Explore Steinbeck’s presentation of the relationship between George and Lennie in Of Mice and Men.
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The friendship between Lennie and George is based on loyalty and a common dream. George agrees to take care of Lennie and assumes responsibility for him as a parent would for a child. George does this because, beneath his rough exterior, he is an admirable man. George and Lennie also rely on, and are loyal to, each other because they share a dream of owning their own farm some day. George reluctantly retells the story of their future farm at Lennie's request; each time Lennie asks for this, George does so begrudgingly but must also enjoy entertaining the dream aloud.
The other significant aspect of their friendship is that it sets them apart from typical ranchers. While most itinerant ranchers move from job to job, saving little money (some spending it on booze and brothels), Lennie and George keep each other honest and out of trouble. This gives them a strategy, based on friendship, that will give them a better shot at saving more money. The two men rely on their friendship to facilitate their dream:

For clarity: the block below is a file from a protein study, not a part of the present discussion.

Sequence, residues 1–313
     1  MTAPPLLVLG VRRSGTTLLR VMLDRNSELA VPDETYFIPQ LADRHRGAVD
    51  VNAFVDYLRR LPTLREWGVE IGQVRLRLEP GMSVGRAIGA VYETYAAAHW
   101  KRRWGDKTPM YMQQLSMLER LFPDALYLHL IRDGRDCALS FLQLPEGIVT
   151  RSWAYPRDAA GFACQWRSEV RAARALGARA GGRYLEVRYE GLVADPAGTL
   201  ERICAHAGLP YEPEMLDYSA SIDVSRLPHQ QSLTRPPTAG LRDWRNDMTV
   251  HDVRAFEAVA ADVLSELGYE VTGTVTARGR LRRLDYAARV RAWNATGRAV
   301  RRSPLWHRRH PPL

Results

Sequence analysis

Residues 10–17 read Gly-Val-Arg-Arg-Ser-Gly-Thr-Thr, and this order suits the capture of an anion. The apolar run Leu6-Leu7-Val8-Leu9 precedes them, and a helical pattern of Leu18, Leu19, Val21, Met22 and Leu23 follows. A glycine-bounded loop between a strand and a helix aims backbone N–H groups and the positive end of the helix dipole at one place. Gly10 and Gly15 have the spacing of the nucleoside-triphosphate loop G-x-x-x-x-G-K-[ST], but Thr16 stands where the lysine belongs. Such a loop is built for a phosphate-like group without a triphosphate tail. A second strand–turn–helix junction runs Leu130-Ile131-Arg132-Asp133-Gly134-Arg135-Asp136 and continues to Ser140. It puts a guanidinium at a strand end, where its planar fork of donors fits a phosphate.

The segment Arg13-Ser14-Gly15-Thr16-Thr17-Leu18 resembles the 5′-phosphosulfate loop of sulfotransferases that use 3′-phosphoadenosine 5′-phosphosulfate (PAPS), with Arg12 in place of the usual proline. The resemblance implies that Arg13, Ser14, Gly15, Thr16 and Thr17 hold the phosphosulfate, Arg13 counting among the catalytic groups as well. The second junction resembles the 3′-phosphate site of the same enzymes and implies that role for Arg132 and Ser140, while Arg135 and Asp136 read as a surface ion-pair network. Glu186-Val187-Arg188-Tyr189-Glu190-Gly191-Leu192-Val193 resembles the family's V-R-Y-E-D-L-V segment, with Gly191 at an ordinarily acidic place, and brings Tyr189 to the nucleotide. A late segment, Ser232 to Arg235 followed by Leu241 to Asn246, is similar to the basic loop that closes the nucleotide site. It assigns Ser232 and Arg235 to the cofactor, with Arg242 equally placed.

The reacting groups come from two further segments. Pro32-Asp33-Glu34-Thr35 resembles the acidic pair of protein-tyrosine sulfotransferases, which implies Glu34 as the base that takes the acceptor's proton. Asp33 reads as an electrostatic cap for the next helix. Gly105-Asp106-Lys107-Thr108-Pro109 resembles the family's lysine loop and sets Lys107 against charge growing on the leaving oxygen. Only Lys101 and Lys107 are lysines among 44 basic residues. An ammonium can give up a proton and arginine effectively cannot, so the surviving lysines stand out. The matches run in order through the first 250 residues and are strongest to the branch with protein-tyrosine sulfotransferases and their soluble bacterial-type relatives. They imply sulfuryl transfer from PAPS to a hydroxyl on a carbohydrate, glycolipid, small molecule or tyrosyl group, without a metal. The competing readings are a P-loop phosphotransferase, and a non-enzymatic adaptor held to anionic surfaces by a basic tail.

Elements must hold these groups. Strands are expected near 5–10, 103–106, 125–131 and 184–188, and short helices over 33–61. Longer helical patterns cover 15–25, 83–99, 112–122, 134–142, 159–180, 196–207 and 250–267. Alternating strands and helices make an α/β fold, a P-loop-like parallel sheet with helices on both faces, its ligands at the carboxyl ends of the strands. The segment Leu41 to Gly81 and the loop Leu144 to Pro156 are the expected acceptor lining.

With us it ain't like that. We got a future. We got somebody to talk to that gives a damn about us. We don't have to sit in no bar room blowin' in our jack jus' because we got no place else to go." (Chapter 1)
In the end, this genuine and strategic friendship does not result in the dream of a farm. This is because Lennie is never quite able to adapt to this lifestyle and because the social world of itinerant ranchers makes it very difficult to save money and rise to a higher class. As strong as the friendship is, the harsh reality of their social situation makes their dream unreachable.
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